Based on the results obtained in Fig. 8 and by applying the statistics regression, indicates that:

Carbon fiber ratio (%) has a significant effect on water absorption time (s) for all tested samples as the carbon fiber ratio (%) increases it will improve the water proof properties of the fabric
Twill (2/1) structure causes better less water absorption properties than Satin (5) structure by using the same carbon fiber ratio (%)

Thermal insulation: This test was carried out for all samples; Fig. 9 shows the effect of carbon fiber ratio on the thermal insulation factors for all experimental samples.

It is observed that, as shown in Fig. 9, there is a direct relation between the carbon fiber ratio in the fabric and its thermal insulation factors. As the carbon fiber ratio increases, thermal insulation factors increase in all produced samples.

Fig. 9: The effect of carbon fibers ratio on thermal insulation values for experimental samples

To get a mathematical relationship between the carbon fiber ratio (%) in the Satin (5) samples on the thermal insulation factors, a linear regression technique was used to get this relationship. The following equation is applied on the thermal insulation factors:

(13)

Where:
y = Thermal insulation factors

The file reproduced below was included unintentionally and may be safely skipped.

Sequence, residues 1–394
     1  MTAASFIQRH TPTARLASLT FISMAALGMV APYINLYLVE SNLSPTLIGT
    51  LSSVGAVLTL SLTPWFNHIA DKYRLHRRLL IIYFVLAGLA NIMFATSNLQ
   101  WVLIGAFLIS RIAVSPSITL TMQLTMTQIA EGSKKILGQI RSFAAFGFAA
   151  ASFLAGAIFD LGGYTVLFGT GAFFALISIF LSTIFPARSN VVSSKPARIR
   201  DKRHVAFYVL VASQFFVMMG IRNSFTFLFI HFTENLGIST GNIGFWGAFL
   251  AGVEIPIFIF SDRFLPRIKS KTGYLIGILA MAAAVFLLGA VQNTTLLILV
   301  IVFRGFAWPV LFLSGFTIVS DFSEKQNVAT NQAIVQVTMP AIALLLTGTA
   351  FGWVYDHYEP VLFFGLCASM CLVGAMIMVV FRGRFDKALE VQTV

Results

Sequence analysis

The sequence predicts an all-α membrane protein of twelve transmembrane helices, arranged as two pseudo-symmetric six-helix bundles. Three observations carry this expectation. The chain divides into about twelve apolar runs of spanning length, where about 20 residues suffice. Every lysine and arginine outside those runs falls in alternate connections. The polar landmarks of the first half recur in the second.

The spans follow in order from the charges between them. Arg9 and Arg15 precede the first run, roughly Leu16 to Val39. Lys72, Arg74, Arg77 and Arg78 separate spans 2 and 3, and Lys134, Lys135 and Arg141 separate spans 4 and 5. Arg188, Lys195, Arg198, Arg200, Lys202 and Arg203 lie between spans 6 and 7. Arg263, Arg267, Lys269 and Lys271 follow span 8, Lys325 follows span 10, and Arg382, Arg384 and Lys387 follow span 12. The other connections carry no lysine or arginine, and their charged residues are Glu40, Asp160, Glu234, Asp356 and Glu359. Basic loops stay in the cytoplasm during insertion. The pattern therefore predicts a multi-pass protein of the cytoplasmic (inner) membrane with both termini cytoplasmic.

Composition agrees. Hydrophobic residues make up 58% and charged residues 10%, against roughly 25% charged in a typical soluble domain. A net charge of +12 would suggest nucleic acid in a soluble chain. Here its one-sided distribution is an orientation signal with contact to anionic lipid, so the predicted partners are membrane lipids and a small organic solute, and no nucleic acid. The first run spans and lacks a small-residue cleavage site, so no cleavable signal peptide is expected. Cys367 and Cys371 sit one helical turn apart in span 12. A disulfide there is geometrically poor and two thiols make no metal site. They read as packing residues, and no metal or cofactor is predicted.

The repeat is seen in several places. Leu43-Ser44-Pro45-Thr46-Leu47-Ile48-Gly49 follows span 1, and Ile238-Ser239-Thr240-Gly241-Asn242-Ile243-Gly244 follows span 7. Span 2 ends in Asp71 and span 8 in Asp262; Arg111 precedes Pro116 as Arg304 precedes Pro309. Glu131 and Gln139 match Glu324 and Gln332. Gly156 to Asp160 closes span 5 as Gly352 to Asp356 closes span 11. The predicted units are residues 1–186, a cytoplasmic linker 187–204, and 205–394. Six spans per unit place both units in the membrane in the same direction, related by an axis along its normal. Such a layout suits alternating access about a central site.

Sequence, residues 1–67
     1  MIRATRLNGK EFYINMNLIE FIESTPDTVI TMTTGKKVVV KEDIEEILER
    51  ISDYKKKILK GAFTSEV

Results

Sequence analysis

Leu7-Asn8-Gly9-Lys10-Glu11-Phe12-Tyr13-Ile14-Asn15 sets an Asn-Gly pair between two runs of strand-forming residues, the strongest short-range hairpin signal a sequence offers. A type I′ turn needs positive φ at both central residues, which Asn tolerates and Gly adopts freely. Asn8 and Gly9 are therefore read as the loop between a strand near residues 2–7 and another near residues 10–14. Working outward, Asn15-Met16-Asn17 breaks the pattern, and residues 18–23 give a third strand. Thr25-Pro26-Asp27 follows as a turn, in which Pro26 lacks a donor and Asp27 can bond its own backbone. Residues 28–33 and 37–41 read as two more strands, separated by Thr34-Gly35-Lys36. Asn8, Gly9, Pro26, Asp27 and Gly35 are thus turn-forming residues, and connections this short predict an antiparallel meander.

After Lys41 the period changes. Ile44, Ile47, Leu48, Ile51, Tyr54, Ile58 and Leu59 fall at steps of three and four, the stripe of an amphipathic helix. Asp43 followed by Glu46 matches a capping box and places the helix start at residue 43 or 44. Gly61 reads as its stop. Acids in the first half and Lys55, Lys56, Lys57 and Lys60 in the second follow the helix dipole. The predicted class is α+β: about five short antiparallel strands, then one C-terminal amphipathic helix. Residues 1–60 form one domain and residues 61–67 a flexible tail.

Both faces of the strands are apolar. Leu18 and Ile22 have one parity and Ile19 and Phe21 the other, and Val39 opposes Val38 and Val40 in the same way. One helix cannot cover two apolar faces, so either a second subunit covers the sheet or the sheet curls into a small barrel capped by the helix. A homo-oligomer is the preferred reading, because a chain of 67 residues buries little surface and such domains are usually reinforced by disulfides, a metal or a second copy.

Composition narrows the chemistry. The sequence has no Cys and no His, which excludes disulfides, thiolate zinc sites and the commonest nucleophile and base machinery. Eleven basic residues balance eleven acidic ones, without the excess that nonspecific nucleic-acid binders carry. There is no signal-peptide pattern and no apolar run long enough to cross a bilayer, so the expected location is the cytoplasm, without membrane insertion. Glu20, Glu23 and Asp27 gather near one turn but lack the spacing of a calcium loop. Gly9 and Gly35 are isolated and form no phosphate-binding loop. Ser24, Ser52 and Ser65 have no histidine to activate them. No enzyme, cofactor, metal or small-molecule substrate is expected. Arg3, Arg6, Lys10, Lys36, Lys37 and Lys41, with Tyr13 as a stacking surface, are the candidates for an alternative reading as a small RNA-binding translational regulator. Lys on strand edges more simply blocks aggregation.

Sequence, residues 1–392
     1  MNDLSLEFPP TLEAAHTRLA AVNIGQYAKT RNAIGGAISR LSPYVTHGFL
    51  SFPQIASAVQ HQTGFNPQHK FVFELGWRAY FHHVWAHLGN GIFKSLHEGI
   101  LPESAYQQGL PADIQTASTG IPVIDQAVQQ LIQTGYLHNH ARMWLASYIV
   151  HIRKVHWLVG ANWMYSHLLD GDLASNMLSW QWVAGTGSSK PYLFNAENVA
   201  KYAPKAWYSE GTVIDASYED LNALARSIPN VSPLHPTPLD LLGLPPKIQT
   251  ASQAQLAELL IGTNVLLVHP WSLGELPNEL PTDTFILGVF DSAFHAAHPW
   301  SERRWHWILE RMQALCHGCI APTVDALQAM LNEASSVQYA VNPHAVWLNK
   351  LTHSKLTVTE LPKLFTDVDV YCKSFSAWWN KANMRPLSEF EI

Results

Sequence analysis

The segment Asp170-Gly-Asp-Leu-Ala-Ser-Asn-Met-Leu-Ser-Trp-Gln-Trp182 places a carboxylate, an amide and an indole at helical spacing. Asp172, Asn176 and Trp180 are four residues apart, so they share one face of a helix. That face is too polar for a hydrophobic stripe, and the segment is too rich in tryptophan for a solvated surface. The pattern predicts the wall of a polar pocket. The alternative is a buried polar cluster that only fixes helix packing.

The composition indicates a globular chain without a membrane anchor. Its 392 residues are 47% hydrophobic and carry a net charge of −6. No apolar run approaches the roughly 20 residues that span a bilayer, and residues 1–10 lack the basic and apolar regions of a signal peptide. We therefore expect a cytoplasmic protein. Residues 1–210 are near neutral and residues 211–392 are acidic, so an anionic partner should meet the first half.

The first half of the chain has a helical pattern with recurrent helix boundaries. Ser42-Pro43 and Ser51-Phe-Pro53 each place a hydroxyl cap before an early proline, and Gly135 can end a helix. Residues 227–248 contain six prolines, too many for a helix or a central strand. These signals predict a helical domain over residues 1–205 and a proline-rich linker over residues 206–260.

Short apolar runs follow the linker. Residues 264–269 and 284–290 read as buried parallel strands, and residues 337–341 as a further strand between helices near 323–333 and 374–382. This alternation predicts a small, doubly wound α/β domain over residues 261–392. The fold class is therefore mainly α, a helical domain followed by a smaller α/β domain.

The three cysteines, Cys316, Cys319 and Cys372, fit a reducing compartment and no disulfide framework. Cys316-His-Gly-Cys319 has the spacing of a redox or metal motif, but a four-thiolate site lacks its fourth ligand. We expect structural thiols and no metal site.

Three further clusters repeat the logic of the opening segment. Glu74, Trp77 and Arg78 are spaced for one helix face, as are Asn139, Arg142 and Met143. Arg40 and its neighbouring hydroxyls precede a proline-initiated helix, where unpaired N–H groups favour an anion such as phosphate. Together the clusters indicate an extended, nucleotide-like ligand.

x = Carbon fiber ratio (%)

As R = 0.9760939, the correlation is considered too high which means that the regression equation is reliable for prediction of the thermal insulation factors in the carbon fiber ratio (%) range using Satin (5) structure.

To address a mathematical relationship between the carbon fiber ratio (%) in the Twill (2/1) samples on the thermal insulation factors, a linear regression equation was used and applied on the thermal insulation factors:

(14)

Where:
y = Thermal insulation factors
x = Carbon fiber ratio (%)

As R = 0.94917507, the correlation is considered too high which means that the regression equation is reliable for prediction of the thermal insulation factors in the carbon fiber ratio (%) range using Twill (2/1) structure.

Based on the results obtained in Fig. 9 and by applying the statistics regression, signify that:

Carbon fiber ratio (%) has a significant effect on thermal insulation factors for all tested samples